It turns out everyone in the world knows English 🙂 or at least pretends to- and that has made my experience here way easier than it could have been. This week I am thankful to live in a world where cross-cultural communication is becoming important enough for others to make strides toward learning global languages. I’m also glad that English is my mother tongue!
I’m not quite sure where to start this week, as being here for a while now things aren’t jumping out at me as much as in the beginning. But, that also means that nothing bad is standing out either. We had a strange traveling experience last weekend, and have truly come to love and appreciate the place we call home in the Akuapem Hills. Coming back to Naomi’s house has become a sign of relief and comfort, and I’m feeling rather lucky to have a host mom who has made life on the other side of the world so sweet. Speaking of Naomi- today is her 31st birthday! I’m not sure what a Ghanian birthday party entails, but my roommates and I decided to postpone our travels so we could have dinner with her. We ordered a cake to be specially made which will be picked up this afternoon, and we are so excited to surprise her with it later tonight!
This week at work was smooth sailing- a welcomed feeling after weeks of begging women to show up to meetings, be somewhat on time, and allow us to give personal advice for businesses struggling to make profits. On Monday and Tuesday our two new loan villages, Mampong Nkawanta and Korkormu, began their first loan repayments. In comparison to the existing villages, their attendance was stellar and we were also impressed by their desire to put some money aside for Projects Abroad to help them save. After more serious discussions with our Wednesday and Thursday villages last week, I was pleasantly surprised to see them making strides towards our requests for them to stay at the meetings longer than to only complete their weekly repayment. Because they took our request seriously, the microfinance supervisor, Gifty, was able to give a workshop on typhoid at each of these villages and her teaching was a huge success. From the outside, it might seem like typhoid workshops and loan beneficiary meetings have little in common- but because our women are merchants and often sell food as their business, we feel it is part of our job to teach them about social responsibility to their communities. The way that typhoid can spread often occurs through food, and based on the reactions, feedback, and questions of the women in Kwamoso and Akokoa, the information Gifty taught them was something they had never learned before. Hopefully her advice to them will encourage sanitary cooking and sales practices, as being hospitalized in a third world country is something no one enjoys.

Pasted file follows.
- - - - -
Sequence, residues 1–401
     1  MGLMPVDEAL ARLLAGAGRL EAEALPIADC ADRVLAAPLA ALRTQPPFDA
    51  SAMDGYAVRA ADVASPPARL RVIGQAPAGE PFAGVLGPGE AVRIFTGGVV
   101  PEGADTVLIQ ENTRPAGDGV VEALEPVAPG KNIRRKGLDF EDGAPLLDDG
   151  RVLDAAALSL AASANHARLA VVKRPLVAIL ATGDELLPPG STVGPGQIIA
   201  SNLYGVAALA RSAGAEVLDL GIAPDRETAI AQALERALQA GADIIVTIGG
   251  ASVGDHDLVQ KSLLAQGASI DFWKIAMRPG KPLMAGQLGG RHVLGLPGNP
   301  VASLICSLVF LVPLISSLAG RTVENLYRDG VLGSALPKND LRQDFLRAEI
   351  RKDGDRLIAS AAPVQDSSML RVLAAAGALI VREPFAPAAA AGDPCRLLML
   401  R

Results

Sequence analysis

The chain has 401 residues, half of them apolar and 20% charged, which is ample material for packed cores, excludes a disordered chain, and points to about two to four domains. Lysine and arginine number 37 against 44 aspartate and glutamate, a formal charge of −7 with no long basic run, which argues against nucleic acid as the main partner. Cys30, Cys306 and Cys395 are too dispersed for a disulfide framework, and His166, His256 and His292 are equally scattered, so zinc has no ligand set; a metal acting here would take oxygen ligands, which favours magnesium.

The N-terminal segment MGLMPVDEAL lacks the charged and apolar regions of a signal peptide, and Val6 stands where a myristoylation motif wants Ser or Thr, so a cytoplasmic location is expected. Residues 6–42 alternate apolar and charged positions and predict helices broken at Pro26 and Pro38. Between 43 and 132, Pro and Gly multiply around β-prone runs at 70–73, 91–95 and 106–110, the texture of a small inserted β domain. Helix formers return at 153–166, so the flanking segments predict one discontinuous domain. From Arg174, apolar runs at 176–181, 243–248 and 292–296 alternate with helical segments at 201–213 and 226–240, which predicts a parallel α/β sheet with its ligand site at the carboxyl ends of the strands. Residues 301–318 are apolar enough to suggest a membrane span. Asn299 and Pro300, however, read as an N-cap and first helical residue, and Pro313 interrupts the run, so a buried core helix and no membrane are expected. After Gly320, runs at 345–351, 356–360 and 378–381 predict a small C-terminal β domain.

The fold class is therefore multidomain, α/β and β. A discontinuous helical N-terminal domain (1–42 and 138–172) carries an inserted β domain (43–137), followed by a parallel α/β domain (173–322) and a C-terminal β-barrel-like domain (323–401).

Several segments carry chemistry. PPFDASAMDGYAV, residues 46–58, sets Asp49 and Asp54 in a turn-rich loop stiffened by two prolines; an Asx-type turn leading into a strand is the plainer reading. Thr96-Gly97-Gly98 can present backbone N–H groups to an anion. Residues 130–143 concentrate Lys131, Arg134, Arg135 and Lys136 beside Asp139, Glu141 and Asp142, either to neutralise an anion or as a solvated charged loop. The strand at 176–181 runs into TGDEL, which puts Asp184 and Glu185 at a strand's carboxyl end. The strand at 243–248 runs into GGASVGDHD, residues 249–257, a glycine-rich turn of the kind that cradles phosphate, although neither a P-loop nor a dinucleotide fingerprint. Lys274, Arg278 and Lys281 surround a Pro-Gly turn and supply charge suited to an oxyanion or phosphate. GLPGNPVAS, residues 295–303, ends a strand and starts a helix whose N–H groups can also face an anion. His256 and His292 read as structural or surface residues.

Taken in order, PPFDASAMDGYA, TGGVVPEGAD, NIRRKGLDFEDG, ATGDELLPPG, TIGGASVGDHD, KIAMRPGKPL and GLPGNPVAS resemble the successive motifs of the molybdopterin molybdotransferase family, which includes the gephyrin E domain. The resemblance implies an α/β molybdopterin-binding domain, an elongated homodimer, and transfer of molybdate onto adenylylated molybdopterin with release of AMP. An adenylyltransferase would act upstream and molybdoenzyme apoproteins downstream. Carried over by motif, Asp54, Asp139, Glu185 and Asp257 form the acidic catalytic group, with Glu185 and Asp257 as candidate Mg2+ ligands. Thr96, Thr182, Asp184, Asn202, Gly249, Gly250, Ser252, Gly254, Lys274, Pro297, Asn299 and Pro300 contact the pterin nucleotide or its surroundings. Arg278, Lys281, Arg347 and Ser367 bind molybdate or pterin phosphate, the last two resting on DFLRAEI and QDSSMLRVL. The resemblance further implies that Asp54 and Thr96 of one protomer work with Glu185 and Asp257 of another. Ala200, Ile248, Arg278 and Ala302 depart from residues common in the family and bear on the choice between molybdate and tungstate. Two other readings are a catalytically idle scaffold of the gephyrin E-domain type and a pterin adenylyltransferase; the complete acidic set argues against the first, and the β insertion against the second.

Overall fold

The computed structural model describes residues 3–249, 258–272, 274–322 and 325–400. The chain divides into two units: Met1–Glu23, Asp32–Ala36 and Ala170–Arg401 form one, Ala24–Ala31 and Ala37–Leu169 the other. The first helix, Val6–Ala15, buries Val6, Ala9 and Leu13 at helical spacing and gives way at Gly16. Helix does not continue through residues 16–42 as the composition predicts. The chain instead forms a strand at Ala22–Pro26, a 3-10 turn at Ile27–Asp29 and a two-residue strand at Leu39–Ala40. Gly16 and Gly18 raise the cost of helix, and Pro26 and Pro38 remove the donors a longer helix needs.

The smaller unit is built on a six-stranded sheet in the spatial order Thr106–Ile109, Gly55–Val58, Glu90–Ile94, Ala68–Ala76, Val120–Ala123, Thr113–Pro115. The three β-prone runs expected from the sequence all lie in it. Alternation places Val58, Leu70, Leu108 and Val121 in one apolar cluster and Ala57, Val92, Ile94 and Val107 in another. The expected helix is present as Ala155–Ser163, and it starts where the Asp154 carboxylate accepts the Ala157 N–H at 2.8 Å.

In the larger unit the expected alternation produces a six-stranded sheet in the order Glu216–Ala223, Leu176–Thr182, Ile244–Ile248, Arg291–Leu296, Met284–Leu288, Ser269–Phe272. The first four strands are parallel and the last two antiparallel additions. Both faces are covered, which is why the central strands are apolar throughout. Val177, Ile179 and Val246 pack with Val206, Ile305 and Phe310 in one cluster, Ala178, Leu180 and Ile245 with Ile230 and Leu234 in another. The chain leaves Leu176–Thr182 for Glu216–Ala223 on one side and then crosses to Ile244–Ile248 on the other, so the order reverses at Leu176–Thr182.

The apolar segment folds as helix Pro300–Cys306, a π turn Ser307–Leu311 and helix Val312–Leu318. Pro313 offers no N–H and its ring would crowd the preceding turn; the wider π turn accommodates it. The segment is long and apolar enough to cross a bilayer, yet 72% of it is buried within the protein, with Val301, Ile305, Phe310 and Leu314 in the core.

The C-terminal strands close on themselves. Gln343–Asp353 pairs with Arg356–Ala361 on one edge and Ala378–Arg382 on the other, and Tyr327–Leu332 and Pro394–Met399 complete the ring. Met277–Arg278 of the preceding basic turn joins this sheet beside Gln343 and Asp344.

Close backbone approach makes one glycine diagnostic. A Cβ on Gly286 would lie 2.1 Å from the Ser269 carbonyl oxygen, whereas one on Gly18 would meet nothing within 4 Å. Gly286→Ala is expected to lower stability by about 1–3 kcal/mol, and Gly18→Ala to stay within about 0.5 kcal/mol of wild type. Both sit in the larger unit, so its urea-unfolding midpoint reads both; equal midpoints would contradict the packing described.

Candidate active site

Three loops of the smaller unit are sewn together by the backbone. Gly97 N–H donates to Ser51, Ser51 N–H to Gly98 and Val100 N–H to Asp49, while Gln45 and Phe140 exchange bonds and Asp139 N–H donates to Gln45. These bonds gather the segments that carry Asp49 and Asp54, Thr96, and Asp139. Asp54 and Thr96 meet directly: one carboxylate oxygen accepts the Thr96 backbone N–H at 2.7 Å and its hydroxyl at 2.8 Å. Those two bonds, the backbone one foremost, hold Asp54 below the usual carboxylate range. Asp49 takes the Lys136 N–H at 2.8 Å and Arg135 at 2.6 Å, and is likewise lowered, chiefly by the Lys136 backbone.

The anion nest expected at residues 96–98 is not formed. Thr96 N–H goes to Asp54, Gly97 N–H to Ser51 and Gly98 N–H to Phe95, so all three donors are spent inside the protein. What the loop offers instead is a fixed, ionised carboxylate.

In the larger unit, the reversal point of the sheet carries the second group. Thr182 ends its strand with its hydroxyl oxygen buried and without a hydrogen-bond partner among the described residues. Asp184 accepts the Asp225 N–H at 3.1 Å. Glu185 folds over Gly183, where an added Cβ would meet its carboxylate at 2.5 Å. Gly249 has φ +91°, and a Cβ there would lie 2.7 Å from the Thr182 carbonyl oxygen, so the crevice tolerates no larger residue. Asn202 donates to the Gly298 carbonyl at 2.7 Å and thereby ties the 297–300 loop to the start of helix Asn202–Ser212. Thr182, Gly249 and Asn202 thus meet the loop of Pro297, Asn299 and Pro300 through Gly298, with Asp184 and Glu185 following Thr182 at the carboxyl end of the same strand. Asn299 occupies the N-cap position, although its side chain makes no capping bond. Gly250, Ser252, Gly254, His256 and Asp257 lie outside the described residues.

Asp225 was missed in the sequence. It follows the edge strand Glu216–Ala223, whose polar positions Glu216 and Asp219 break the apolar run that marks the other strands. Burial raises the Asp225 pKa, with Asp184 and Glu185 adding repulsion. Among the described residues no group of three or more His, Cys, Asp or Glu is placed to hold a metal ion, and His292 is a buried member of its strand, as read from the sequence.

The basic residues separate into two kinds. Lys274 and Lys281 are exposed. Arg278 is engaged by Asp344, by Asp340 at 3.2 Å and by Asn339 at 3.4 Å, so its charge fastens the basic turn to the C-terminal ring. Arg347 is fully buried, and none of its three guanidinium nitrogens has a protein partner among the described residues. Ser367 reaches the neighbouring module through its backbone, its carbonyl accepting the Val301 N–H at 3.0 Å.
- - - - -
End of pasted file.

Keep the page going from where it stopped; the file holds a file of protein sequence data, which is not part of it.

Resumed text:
Today is Friday, and on Fridays microfinance volunteers are only needed to come to the office and write a report of the week. Part of the package my Oma sent me (that arrived last week) was stickers and homemade dolls from her church back in Portland, OR. So this morning, because we have nothing but time, the other volunteer and I decided to visit the Projects Abroad orphanage- Adom Daycare Center- and give out the toys. We had such a lovely morning, filled with children hanging all over us shouting, “Aunty, aunty, pick me up!” and fighting over heart-shaped stickers. Their shy smiles and contageous giggles won us over, and we decided we’d return next Friday for a bit of play time before heading to work to write the report.
Overall it’s been another great and fast paced week, and I’m excited to make the most of my remaining time here in Ghana! Next week I will be on an airplane to Germany to begin studying abroad, but until then I have nine full days to get a nice sunburn in.